About a decade ago a number of us joined a Redeemer mission trip to the Agricultural School of El Hogar in Honduras. We painted a lot of walls that year…. But a special painting was one we made for the front of the volunteer house that read: Hay diversos dones, pero un mismo Espíritu. There are many gifts but the same spirit. (1 Corinthians 12:4)
We have gifts on the mind these days – or at least I seem to. Kate preached a wonderful sermon on Pentecost; and Andrew preached powerfully about the imperative to seek racial justice. Which got me thinking about stewardship for these challenging times. How do we know what stewardship means when we can’t get out? When we can’t hug our grandkids? When you have lost your job? When you can’t sing off-key in church?
On the most important level, stewardship is the caretaking of God’s creation – of our world and of each other. The birthday of the church, Kate reminded us, is the “sending out” to do that caretaking. It feels to me, as I listen to Kate, Andrew, members of the vestry and other folks, that Redeemer has kept working to be the church and be together (even as we are apart). We are thinking about, and caring for each other; we are joining in worship and coffee hour; we are listening to and supporting our mission partners; we are taking the time and making the effort to join the work for racial justice. Our time and talent are clearly visible in the liturgy teams, mission leaders and parish staff as we innovate and experiment with alacrity, humor and grace.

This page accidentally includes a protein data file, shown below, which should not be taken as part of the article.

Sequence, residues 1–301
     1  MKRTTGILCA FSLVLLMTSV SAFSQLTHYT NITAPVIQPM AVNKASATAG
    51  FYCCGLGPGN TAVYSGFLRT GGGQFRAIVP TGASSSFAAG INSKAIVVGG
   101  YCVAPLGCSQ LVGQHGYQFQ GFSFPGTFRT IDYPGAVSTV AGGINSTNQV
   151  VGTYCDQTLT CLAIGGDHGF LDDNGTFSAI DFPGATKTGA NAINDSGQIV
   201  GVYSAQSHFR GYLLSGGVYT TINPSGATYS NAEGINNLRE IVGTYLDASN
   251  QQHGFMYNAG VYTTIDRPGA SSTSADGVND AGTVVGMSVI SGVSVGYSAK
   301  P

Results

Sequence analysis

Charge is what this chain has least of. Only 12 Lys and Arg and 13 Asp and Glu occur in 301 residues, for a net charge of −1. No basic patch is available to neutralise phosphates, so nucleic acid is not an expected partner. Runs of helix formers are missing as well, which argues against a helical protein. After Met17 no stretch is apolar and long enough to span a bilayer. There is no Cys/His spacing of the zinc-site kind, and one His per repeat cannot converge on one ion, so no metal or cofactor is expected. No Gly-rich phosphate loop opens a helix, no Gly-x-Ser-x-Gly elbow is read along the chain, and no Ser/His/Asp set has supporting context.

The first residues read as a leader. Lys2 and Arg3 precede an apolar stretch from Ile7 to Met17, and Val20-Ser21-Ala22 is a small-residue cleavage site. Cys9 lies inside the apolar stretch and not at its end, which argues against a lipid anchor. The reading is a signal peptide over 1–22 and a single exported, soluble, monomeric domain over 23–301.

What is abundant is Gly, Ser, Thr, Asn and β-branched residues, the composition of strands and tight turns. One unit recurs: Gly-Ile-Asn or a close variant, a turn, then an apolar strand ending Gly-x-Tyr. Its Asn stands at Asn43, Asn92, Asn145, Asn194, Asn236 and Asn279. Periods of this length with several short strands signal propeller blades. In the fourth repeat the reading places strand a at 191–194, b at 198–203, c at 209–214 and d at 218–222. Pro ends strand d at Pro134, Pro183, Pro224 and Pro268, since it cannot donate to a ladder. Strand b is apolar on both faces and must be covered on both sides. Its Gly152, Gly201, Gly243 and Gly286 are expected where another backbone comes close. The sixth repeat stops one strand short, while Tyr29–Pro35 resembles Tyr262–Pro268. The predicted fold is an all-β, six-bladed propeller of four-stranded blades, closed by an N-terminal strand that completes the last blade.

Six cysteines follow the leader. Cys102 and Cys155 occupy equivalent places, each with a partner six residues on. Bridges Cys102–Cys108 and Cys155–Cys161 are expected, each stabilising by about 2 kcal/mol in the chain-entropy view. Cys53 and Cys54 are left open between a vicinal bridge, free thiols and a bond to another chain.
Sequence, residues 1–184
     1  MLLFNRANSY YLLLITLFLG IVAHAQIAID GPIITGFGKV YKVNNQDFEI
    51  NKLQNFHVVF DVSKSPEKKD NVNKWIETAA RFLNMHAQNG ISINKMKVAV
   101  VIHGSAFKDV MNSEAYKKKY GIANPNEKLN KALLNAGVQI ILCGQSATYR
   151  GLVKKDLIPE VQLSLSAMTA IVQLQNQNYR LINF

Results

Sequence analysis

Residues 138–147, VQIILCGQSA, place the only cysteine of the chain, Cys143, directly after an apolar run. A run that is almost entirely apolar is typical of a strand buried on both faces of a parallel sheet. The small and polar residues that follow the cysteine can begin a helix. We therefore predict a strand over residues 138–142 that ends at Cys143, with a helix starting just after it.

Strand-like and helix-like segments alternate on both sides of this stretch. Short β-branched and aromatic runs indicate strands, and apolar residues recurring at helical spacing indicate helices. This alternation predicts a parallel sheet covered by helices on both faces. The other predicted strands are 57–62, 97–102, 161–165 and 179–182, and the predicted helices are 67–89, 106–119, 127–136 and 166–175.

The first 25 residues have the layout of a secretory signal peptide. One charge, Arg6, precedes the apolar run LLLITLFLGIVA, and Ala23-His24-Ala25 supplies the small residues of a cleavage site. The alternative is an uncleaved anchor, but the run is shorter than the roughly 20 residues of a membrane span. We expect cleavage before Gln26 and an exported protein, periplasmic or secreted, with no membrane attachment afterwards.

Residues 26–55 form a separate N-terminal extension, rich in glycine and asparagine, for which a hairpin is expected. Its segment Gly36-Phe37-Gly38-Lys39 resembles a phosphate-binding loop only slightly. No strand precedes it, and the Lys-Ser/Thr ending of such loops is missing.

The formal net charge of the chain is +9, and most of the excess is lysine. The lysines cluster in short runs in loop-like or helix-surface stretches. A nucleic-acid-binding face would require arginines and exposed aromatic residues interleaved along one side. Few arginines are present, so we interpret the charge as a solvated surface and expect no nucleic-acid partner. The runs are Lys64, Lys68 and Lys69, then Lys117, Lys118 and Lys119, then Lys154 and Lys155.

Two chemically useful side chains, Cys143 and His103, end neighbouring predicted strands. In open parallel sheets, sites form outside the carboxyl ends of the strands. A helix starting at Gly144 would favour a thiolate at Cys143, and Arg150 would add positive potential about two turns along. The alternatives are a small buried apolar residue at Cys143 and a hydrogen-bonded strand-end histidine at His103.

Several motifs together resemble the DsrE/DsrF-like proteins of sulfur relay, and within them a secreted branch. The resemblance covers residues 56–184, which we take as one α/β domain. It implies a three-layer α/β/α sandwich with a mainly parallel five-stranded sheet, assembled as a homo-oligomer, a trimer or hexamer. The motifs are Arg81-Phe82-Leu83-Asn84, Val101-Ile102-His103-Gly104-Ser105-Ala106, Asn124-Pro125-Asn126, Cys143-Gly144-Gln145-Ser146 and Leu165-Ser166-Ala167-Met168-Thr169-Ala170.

There also is a practical side of stewardship, the one we hear about each year in the fall: the gathering of treasure to support the church, the “real” church of God’s people doing all that caretaking. A quick financial snapshot is revealing. Overall, the year to date collection of parishioner offerings is lower than the budgeted estimates. Given our lives’ disruption, that is not surprising. In March, our first month of “no-building” church, parishioner contributions fell off. In April they were back up and exceeded the monthly budget target by a few thousand dollars. That tells me that Redeemer is adaptive. Those of us who would ordinarily place an offering in the collection plate, shifted to other ways to give. And it suggests to me that Redeemer is helping to take care of the community, and vice versa.
The realities of how we regather and adjust our worship in a world in which covid-19 is a fact of life will have us continue to adapt. (I mean – who wants to be the last person in church to touch the collection plate that has made its way around? Not me, thanks.) Your Stewardship Committee members are exploring ways to strengthen our capacity for digital giving – and to make it easier. And we are planning to be sure that all members of our community are included through what will be an extended period of adjustment.
The Pentecost passage in Corinthians continues: “To each is given the manifestation of the Spirit for the common good”. Giving care and taking care are hallmarks of the Redeemer community. I hope that as we adapt and struggle we remember to offer those gifts when we can and ask for that care when we need it. It is there.